Columnist

Write opinionated columns for a newspaper on a specific topic.

Quick Stats


Salary Range
$20,000 – $75,000

Data from U.S. Department of Labor


What do Columnists do?

Columnists are renegade Writers. You job isn’t about objectivity reporting facts, it’s about your subjective opinion. While other Journalists and Reporters must commit themselves to fair and balanced coverage that’s full of facts and free of opinions, Columnists are allowed to break that rule. In fact, they’re encouraged to do so.

As a Columnist, you’re employed by newspapers, websites, blogs, and magazines, and you’re paid to offer opinions, perspectives, and positions, which you give in written form via short essays and articles that are published on a regular basis — usually weekly or monthly — on the same page in the same publication, allowing you to develop a regular audience and a reliable fan base.

The content of your columns depends on what type of Columnist you are. If you’re a News Columnist, for instance, you offer analysis of news stories and current events. If you’re a Political Columnist, on the other hand, you offer commentary about political issues and figures. If you’re an Advice Columnist, meanwhile, you offer opinions about personal or professional situations in response to readers’ letters.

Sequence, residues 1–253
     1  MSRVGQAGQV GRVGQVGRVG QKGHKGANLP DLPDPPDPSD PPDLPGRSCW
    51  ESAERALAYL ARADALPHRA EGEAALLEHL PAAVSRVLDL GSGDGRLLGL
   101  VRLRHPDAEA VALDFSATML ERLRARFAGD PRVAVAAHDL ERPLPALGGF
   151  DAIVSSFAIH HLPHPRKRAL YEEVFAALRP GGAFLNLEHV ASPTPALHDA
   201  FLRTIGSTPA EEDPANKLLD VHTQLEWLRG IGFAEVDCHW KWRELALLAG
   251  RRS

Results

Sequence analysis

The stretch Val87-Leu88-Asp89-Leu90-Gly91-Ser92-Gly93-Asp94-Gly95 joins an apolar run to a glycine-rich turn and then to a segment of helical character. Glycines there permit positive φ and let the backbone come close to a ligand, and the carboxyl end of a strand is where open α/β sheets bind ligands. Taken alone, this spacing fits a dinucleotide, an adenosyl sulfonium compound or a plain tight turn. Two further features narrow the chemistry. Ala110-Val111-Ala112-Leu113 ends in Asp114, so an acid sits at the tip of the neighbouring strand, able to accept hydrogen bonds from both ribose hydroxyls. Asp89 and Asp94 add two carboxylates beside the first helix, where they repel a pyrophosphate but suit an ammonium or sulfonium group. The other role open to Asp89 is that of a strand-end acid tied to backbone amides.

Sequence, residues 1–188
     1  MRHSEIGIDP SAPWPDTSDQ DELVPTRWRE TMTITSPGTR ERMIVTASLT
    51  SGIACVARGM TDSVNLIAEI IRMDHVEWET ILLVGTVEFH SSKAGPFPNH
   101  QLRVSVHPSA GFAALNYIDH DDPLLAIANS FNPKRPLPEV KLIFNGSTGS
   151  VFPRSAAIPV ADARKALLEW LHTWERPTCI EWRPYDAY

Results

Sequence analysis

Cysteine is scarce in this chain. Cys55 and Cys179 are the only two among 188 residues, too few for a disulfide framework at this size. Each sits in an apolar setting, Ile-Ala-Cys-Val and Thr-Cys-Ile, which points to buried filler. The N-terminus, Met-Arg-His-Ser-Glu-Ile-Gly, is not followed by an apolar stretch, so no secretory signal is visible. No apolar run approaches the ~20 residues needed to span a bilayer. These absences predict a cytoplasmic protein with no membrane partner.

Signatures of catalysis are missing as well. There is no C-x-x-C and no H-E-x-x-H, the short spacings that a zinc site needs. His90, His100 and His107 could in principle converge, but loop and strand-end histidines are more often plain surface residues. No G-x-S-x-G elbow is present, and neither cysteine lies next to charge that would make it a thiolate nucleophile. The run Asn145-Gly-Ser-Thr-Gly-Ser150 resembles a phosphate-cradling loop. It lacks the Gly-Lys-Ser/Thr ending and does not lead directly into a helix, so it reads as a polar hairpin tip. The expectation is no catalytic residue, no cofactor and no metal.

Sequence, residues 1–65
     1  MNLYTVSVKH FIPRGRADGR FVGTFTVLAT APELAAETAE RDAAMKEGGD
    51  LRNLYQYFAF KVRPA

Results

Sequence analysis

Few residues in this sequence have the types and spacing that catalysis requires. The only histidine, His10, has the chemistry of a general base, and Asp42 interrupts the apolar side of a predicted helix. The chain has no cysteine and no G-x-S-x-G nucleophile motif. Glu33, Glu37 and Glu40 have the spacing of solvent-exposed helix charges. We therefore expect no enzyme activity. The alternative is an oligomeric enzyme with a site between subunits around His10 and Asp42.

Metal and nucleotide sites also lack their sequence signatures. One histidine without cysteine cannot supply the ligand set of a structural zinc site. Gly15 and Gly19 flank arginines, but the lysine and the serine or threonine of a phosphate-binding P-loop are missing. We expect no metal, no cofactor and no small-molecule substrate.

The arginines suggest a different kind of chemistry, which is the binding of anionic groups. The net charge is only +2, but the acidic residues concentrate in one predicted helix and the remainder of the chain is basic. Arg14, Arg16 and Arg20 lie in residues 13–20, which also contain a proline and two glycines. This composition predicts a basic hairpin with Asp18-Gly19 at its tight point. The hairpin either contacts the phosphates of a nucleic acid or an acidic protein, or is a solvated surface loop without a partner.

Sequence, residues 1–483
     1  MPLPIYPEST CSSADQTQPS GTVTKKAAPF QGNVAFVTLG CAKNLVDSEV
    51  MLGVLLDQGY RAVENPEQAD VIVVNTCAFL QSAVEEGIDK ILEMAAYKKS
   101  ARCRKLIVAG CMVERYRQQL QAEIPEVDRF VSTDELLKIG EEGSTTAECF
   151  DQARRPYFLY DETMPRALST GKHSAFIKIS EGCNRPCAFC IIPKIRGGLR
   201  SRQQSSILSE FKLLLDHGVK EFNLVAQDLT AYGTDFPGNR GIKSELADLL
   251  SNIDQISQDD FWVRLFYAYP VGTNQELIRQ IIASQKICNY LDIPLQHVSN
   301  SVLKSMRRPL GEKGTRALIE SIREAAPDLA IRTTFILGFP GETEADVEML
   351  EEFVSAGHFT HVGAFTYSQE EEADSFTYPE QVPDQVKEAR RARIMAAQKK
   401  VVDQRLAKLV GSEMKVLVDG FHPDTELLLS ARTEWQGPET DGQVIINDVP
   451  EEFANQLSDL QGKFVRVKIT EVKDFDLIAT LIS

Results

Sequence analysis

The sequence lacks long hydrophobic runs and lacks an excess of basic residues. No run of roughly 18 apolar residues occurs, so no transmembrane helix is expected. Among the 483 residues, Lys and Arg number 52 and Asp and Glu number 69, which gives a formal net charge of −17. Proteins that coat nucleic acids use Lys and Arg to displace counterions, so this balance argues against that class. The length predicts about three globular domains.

If you’re a Humorist, you write satire, jokes, and comedy. And if you’re a Gossip Columnist, Food Columnist, or Fashion Columnist, you write about celebrities, cooking, and clothing, respectively. Regardless of your content, it’s not really what you say that matters, it’s how you say it: powerfully, persuasively, and poignantly.


Should I be a Columnist?

You should have a bachelor's degree or higher and share these traits:
  • Reliable: You can always be counted on to do a good job.
  • Team Player: You're able to listen, communicate, and work with tons of different people.
  • Helpful: You always keep an eye out for what other people need.

  • Also known as: Advice Columnist, Commentator, News Columnist, Newspaper Columnist, Nutrition Columnist, Political Columnist

    How to become a Columnist

    Most Columnists have a Bachelor's degree. Chart?chd=s:bib9na&chl=no+college+%282%25%29|certificate+%2810%25%29|associate%27s+%282%25%29|bachelor%27s+%2871%25%29|master%27s+%2816%25%29|&cht=p3&chs=466x180&chxr=0,2,71
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